First, free software allows the mimicking of the Hollywood industry's models of work while making it accessible for more individuals. It encourages practice-based CG development that can fit individual workflows and handle unexpected circumstances that emerge in the course of work, rather than aiming at a mass product for all situations and users. Catering to an individual's needs and adaptations of the software brings users work closer to craft and makes technology more human. Tools and individual skill can be continuously polished, shaped, and improved based on individual needs, rather than shaped by decisions "from above."
ONF unveils Open Innovation Pipeline to counter open source proprietary solutions
ONF and ON.Lab claim the OIP initiative to bolster open source SDN, NFV and cloud efforts being hampered by open source-based proprietary work.
Tapping into an ongoing merger arrangement with Open Networking Lab, the Open Networking Foundation recently unveiled its Open Innovation Pipeline targeted at counteracting the move by vendors using open source platforms to build proprietary solutions.
[FreeDOS] The readability of DOS applications
Web pages are mostly black-on-white or dark-gray-on-white, but anyone who has used DOS will remember that most DOS applications were white-on-blue. Sure, the DOS command line was white-on-black, but almost every popular DOS application used white-on-blue. (It wasn't really "white" but we'll get there.) Do an image search for any DOS application from the 1980s and early 1990s, and you're almost guaranteed to yield a forest of white-on-blue images like these:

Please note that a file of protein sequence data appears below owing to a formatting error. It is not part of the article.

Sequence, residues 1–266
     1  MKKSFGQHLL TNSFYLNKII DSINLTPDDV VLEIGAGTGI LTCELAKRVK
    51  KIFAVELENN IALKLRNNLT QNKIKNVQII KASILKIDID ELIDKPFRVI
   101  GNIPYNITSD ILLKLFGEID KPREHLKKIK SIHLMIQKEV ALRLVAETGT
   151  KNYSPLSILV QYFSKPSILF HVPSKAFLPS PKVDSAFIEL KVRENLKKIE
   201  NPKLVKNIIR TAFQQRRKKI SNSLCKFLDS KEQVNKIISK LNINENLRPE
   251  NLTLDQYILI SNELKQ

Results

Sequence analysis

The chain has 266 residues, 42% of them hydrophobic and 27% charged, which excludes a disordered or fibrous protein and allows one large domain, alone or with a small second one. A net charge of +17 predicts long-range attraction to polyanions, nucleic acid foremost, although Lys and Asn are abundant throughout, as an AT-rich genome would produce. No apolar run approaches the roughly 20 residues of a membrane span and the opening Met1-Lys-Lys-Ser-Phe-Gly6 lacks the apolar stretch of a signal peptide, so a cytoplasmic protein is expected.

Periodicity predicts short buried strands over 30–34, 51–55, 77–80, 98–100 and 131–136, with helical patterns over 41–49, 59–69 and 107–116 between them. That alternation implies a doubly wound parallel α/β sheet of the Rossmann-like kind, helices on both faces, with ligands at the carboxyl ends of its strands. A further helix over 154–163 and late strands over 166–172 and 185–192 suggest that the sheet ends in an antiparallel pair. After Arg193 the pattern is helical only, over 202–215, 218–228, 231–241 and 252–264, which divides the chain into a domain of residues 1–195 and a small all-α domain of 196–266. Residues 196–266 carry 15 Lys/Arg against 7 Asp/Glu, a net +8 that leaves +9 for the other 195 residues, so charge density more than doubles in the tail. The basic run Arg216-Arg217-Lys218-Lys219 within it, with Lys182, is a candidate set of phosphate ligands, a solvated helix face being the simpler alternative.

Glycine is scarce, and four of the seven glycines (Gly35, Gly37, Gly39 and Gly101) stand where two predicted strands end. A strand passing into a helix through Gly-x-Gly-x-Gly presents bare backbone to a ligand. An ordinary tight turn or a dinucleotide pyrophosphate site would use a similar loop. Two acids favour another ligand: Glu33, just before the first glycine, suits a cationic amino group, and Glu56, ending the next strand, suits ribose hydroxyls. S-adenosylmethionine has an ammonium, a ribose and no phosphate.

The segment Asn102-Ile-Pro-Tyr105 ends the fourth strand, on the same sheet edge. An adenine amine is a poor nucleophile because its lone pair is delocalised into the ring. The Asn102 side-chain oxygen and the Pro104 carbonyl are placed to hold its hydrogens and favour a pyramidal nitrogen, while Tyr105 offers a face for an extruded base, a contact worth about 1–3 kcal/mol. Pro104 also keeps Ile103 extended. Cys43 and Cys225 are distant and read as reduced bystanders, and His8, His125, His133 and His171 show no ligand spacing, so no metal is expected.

More about DOS colors
In a followup to my discussion about the readability of DOS applications, I wrote an explanation on the FreeDOS blog about why DOS has sixteen colors. That discussion seemed too detailed to include on my Open Source Software & Usability blog, but it was a good fit for the FreeDOS blog.
Building a $4 billion company around open source software: The Cloudera story
Dr Amr Awadallah is the Chief Technology Officer of Cloudera, a data management and analytics platform based on Apache Hadoop. Before co-founding Cloudera in 2008, Awadallah served as Vice President of Product Intelligence Engineering at Yahoo!, running one of the very first organizations to use Hadoop for data analysis and business intelligence. Awadallah joined Yahoo! after the company acquired his first startup, VivaSmart, in July 2000.
With the fourth industrial revolution upon us—where the lines between the physical, digital and biological spheres are blurred by the world of big data and the fusion of technologies—Cloudera finds itself among the band of companies that are leading this change. In this interview with Enterprise Innovation, the Cloudera co-founder shares his insights on the opportunities and challenges in the digital revolution and its implications for businesses today; how organizations can derive maximum value from their data while ensuring their protection against risks; potential pitfalls and mistakes companies make when using big data for business advantage; and what lies beyond big data analytics.
What we (think we) know about meritocracies
"Meritocracy," writes Christopher Hayes in his 2012 book Twilight of the Elites, "represents a rare point of consensus in our increasingly polarized politics. It undergirds our debates, but is never itself the subject of them, because belief in it is so widely shared." Meritocratic thinking, in other words, is prevalent today; thinking rigorously about meritocracy, however, is much more rare.
A new perspective on meritocracy
Meritocracy is a common element of open organizations: They prosper by fostering a less-hierarchical culture where "the best ideas win." But what does meritocracy really mean for open organizations, and why does it matter? And how do open organizations make meritocracy work in practice? Some research and thinking I've done over the last six months have convinced me such questions are less simple—and perhaps more important—than may first meet the eye.
OpenStack Summit Boston: Vote for Presentations
The next OpenStack Summit takes place in Boston, MA (USA) in May (8.-11.05.2017). The "Vote for Presentations" period started already. All proposals are now again up for community votes. The period will end February 21th at 11:59pm PST (February 22th at 8:59am CEST).